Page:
In a recent report, the World Health Organization (WHO) has revealed an alarming global threat posed by toxic cough syrups that have led to the deaths of over 300 infants on three continents. WHO officials have warned that tainted children’s medicines could still be in circulation for several years, and the organization is now collaborating with six more countries to track these potentially deadly drugs.
The WHO has already identified nine countries where contaminated syrups may have been sold. Rutendo Kuwana, the WHO team lead for incidents involving substandard and falsified medicines, emphasized that this is an ongoing risk as adulterated barrels of the essential ingredient, propylene glycol, might still be present in warehouses. Both cough syrups and propylene glycol have shelf-lives of approximately two years.
Pharmaceutical manufacturing experts revealed that unscrupulous actors sometimes substitute propylene glycol with cheaper, toxic alternatives like ethylene glycol and diethylene glycol, which are typically used in brake fluid and other non-consumable products. The WHO suspects that, in 2021, suppliers may have mixed these cheaper alternatives with legitimate chemicals when propylene glycol prices surged. However, tracing the suppliers has proven difficult due to obscure supply chains.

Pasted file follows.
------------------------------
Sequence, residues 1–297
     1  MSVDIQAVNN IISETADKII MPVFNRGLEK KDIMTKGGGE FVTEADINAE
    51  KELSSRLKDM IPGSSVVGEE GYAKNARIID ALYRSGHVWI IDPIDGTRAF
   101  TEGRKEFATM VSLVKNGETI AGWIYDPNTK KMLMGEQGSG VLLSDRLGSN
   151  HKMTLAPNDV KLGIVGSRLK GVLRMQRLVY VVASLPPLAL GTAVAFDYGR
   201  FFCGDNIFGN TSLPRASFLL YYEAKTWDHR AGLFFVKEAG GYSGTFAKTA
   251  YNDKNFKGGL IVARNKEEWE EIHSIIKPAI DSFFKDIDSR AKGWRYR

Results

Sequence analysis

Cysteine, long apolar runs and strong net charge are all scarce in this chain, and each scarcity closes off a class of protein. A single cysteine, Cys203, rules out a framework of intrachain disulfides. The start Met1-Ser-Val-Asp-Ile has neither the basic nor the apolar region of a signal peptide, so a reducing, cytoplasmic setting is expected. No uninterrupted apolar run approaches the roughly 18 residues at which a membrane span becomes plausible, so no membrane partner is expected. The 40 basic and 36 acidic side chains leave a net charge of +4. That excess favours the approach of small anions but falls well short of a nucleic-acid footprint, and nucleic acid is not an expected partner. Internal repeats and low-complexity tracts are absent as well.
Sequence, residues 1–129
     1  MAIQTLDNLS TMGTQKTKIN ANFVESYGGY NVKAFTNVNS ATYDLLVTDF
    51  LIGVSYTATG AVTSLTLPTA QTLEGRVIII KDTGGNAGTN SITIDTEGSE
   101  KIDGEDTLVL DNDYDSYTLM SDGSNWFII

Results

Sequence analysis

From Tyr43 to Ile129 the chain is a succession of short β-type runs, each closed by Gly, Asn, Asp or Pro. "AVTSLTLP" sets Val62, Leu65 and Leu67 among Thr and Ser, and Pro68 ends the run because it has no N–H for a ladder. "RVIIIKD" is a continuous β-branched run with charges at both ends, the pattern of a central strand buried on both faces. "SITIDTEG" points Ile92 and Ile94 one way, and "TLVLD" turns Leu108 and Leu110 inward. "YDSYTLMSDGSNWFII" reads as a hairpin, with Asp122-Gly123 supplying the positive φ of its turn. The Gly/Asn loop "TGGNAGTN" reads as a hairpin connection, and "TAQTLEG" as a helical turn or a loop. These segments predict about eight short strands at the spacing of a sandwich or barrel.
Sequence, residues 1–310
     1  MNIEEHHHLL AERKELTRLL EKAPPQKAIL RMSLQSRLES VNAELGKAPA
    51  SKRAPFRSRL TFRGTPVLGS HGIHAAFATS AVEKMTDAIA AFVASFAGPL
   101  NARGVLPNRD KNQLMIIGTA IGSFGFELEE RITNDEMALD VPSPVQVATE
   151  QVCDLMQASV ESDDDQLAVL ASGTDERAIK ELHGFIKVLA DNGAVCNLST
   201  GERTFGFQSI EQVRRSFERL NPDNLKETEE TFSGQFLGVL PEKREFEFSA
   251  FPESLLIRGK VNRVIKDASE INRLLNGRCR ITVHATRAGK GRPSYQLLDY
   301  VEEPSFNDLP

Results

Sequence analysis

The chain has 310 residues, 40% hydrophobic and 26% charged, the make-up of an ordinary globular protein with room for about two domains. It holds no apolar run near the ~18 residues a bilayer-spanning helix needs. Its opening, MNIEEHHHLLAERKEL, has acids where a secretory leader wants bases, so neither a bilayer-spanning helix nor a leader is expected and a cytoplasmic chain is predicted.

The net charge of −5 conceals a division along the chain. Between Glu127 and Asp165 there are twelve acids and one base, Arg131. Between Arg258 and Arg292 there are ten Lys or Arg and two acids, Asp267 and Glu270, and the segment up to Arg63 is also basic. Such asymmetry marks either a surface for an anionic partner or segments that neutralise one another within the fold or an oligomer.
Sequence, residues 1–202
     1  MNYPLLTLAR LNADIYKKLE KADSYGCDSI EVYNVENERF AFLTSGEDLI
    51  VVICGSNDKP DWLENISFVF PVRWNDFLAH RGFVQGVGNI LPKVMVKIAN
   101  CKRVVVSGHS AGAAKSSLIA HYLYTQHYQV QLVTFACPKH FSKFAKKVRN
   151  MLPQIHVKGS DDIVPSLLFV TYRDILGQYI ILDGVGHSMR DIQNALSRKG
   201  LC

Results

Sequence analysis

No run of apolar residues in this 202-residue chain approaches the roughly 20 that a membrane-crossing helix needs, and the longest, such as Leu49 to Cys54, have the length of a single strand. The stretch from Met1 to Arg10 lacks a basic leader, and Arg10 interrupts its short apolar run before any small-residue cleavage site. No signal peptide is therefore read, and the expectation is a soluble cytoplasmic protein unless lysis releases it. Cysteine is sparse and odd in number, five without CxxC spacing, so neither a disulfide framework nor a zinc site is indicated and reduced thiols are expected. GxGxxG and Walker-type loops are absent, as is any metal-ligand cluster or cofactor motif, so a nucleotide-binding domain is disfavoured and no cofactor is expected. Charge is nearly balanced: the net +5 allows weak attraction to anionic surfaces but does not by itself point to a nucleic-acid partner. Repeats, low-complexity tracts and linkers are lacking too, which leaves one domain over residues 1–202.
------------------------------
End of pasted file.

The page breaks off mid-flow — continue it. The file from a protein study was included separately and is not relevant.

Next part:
The WHO has issued safety alerts for products from various countries, including India, Gambia, Uzbekistan, Micronesia, the Marshall Islands, and Indonesia. Several pharmaceutical manufacturers allegedly involved in producing tainted syrups have faced license revocations. However, some manufacturers, like PT Konimex, claim to have recalled contaminated products and received clearance to sell new batches.
Additional countries named by the WHO in its investigation include Timor Leste, Cambodia, Senegal, and the Philippines. While there is currently no risk to the populations in these countries, the WHO is closely monitoring the situation.
Recently, Liberia and Cameroon have also reported potential contamination cases. Liberia, lacking testing facilities, sought assistance from the Nigerian regulator in examining paracetamol syrups sold in its market. Cameroon’s health regulator is investigating six deaths linked to a cough syrup branded as Naturcold, bought from unauthorized sources.
The WHO has offered support to countries with limited resources to test their medicines and has urged all nations to enhance surveillance. It should be noted that giving cough syrups to children under 5 has been discouraged by the WHO since 2001 due to limited evidence of their effectiveness and possible side effects.
While the situation remains concerning, the WHO encourages countries to take proactive measures, as many have done, to prevent further harm and ensure the safety of their citizens.